Despite Kidney Disease Link, Sri Lanka Places Monsanto Herbicide Ban on Hold
Given its size and scope, when Monsanto pushes back, it usually gets what it wants.
That's why organizations like Food Democracy Now! want people to divest from the seed giant and it's also why Sri Lanka is postponing its ban of the active ingredient in the company's top-selling herbicide, Roundup.
Less than a month ago a Sri Lankan minister told reporters that glyphosate would be immediately removed from the country's marketplace because it was the main cause of a kidney disease epidemic. Suddenly, the country isn't so sure about that.
"There is no evidence that glyphosate complexes effectively with arsenic, cadmium, or other nephrotoxic metals,” Thomas Helscher, director of corporate affairs at Monsanto, told the Center for Public Integrity. “Glyphosate is actually a relatively poor chelator for heavy metals when compared to pharmacological chelation agents.”
A previous Sri Lankan study by the World Health Organization detected glyphosate and cadmium, along with other pesticides and heavy metals, in kidney patients’ urine and in areas impacted by the disease, which also include Central America and India. Initially, Sri Lanka's government believed scientist Dr. Channa Jayasumana's theory that glyphosate bonds with toxic metals in the environment like cadmium and arsenic to create compounds consumed in food and water that do not break down until reaching the kidney.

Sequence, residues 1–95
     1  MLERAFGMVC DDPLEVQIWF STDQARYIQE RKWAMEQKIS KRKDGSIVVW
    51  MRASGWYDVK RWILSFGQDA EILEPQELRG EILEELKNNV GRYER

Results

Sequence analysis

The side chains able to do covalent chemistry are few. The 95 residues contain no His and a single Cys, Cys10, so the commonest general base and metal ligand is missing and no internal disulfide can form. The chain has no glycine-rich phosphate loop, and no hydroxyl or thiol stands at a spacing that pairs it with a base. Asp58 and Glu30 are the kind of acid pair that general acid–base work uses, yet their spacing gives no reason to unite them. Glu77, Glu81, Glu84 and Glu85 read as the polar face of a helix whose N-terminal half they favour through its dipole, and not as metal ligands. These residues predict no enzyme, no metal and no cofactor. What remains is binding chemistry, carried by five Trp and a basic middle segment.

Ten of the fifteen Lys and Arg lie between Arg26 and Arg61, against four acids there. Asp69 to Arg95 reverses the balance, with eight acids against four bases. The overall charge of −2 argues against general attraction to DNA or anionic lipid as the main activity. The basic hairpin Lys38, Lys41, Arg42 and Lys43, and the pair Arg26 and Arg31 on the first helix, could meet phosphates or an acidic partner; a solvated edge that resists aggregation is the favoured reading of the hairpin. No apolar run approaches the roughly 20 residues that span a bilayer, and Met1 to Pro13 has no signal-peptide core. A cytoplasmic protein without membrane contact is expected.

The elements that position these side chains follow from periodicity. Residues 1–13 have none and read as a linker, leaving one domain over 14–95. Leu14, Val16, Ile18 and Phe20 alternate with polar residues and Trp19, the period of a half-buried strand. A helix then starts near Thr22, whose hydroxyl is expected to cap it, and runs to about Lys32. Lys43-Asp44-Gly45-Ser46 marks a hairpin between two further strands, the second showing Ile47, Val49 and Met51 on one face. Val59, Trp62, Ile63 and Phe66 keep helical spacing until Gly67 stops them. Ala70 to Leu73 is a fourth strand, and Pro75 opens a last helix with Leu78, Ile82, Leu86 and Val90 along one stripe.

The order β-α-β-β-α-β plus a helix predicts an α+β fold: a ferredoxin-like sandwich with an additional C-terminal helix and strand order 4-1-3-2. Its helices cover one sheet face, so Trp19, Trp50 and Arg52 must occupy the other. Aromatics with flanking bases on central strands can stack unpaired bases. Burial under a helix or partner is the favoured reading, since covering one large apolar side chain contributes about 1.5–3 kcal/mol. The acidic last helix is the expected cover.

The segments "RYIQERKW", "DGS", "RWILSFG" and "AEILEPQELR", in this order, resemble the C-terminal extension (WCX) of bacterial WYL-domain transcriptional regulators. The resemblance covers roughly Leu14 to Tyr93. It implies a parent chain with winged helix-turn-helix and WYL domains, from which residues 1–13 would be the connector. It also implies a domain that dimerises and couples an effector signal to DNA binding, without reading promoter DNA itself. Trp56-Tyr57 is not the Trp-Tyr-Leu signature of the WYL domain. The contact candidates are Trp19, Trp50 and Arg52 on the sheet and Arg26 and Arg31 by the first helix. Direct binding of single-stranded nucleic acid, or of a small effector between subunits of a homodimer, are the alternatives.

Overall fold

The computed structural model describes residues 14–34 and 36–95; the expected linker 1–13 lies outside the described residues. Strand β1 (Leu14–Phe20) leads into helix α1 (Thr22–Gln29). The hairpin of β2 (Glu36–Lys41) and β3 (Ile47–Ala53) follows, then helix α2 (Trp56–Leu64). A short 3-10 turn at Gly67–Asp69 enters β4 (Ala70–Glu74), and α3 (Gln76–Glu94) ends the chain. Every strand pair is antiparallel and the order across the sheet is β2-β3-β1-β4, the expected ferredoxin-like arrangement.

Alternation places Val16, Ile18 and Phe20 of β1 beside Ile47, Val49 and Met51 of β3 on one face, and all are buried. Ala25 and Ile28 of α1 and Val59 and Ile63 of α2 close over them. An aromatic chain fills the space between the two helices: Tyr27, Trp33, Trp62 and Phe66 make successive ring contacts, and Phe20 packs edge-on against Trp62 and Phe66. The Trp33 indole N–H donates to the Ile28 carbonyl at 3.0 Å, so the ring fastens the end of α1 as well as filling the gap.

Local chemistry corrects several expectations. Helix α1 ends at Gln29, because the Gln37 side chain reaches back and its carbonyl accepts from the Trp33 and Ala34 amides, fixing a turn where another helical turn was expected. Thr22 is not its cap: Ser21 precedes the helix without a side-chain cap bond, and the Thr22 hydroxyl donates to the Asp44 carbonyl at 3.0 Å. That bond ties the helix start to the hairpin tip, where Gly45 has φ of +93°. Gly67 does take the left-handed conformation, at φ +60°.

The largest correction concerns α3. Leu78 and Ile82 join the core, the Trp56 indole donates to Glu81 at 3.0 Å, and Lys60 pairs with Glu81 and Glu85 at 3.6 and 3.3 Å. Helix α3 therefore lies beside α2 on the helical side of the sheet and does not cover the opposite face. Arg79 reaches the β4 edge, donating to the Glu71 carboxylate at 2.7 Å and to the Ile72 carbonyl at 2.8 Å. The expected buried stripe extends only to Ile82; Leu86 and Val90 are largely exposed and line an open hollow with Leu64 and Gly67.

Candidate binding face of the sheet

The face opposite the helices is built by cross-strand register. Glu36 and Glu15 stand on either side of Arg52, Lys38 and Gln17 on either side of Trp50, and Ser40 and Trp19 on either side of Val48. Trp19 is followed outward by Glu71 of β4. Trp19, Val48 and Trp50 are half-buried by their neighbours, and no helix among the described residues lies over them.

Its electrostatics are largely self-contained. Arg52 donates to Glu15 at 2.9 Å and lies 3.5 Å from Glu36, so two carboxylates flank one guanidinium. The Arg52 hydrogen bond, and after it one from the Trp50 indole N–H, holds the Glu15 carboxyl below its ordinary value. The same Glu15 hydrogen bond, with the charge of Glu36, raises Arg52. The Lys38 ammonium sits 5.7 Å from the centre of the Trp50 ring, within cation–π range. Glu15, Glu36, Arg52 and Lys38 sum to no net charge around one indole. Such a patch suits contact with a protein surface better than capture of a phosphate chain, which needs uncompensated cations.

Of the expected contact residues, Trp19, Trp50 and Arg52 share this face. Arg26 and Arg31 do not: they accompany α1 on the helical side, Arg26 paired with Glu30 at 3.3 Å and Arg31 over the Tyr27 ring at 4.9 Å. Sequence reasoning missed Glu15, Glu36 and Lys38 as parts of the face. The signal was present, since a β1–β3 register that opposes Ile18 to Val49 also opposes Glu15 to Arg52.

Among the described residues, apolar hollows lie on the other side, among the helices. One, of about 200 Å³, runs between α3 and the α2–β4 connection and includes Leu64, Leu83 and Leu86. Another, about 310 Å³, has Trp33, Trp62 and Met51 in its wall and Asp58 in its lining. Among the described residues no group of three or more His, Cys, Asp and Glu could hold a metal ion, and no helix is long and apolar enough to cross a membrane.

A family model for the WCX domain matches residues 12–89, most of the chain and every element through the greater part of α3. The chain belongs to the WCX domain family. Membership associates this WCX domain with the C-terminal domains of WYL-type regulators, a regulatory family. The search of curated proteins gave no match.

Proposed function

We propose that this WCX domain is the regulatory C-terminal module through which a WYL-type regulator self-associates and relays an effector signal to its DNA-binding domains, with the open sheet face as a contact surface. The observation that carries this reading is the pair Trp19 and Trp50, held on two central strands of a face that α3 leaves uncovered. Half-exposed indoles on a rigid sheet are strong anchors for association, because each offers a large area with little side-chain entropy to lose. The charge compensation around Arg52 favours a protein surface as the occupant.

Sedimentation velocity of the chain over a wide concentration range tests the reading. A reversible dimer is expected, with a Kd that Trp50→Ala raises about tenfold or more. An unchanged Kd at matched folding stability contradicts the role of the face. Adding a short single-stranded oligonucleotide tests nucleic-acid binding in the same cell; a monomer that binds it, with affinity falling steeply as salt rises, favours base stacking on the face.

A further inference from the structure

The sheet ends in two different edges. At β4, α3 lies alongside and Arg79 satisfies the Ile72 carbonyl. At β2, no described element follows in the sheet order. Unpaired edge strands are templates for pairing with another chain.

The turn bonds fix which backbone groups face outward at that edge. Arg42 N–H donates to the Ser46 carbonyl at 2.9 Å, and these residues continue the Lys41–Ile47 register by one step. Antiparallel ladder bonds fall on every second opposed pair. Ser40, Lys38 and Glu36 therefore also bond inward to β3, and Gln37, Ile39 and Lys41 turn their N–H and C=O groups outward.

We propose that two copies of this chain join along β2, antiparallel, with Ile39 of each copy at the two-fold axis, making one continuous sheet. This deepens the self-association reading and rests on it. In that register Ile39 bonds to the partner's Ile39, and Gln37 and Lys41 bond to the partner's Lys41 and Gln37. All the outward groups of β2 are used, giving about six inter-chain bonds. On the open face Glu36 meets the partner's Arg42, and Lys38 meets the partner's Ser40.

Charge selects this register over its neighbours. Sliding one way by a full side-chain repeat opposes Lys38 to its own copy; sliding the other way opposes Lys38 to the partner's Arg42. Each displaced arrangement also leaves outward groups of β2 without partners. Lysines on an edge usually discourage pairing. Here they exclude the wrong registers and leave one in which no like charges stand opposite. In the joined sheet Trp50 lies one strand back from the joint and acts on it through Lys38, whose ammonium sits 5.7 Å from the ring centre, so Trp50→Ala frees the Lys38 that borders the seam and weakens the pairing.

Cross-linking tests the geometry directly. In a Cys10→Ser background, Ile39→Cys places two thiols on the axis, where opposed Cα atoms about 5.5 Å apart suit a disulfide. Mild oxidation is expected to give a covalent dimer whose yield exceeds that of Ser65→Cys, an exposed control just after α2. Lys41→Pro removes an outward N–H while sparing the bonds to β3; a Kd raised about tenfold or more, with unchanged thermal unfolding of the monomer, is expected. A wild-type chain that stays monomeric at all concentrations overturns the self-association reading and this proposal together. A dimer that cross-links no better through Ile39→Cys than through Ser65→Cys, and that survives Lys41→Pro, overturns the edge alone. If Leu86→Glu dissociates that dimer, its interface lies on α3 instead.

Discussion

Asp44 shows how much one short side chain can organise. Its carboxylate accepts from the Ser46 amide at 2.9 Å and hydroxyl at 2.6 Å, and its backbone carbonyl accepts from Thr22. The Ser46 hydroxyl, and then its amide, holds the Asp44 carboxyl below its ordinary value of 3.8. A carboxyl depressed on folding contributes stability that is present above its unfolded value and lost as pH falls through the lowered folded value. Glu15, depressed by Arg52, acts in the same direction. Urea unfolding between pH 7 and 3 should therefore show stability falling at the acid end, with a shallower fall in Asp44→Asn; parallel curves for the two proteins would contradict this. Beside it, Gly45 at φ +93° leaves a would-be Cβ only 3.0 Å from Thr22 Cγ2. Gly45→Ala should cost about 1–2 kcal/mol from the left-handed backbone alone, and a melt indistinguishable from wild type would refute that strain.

But now, the government has received complaints from Monsanto, other agrochemical producers and Sri Lankan officials like Registrar of Pesticides, Dr. Anura Wijesekara, all of which have led to halting the ban. Additionally, Director General of Agriculture Dr. Rohan Wijekoon told The Island that the Pesticides Technical Committee has requested a meeting with President Mahinda Rajapaksa about the "far-reaching repercussions" of the ban.
“It is an interesting hypothesis, but we don’t have any evidence for it,” Wijesekara told the Center for Public Integrity. “[The ban] will affect the tea plantations and also the [rice] paddy cultivation drastically.”
A European glyphosate task force also continues suggesting there is no true link to the kidney disease.
Still, an average of 13 people per day had been dying of kidney failure in Sri Lanka prior to Jayasumana's study. The kidney disease was prevalent in at least 89 agrarian divisions in Sri Lanka.
“Glyphosate acts as a carrier or a vector of these heavy metals to the kidney,” Jayasumana said.
A 2012 Monsanto study suggested that glyphosate a less potent chelator for heavy metals like calcium, manganese and iron than other plant compounds, but U.S. Geological Survey hydrologist Paul Capel begs to differ.
“As far as I know, there are no other common herbicides that would have this same sort of strength of interactions with metals,” he said.
He added that glyphosate was also likely to bond with cadmium. However, Jayasumana’s data that could link glyphosate to cadmium or arsenic have yet to published, though preliminary tests of well water consumed by Sri Lankan kidney patients found glyphosate with high levels of calcium and other metals.
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By Aaron W Hunter
A chance discovery of a beautifully preserved fossil in the desert landscape of Morocco has solved one of the great mysteries of biology and paleontology: how starfish evolved their arms.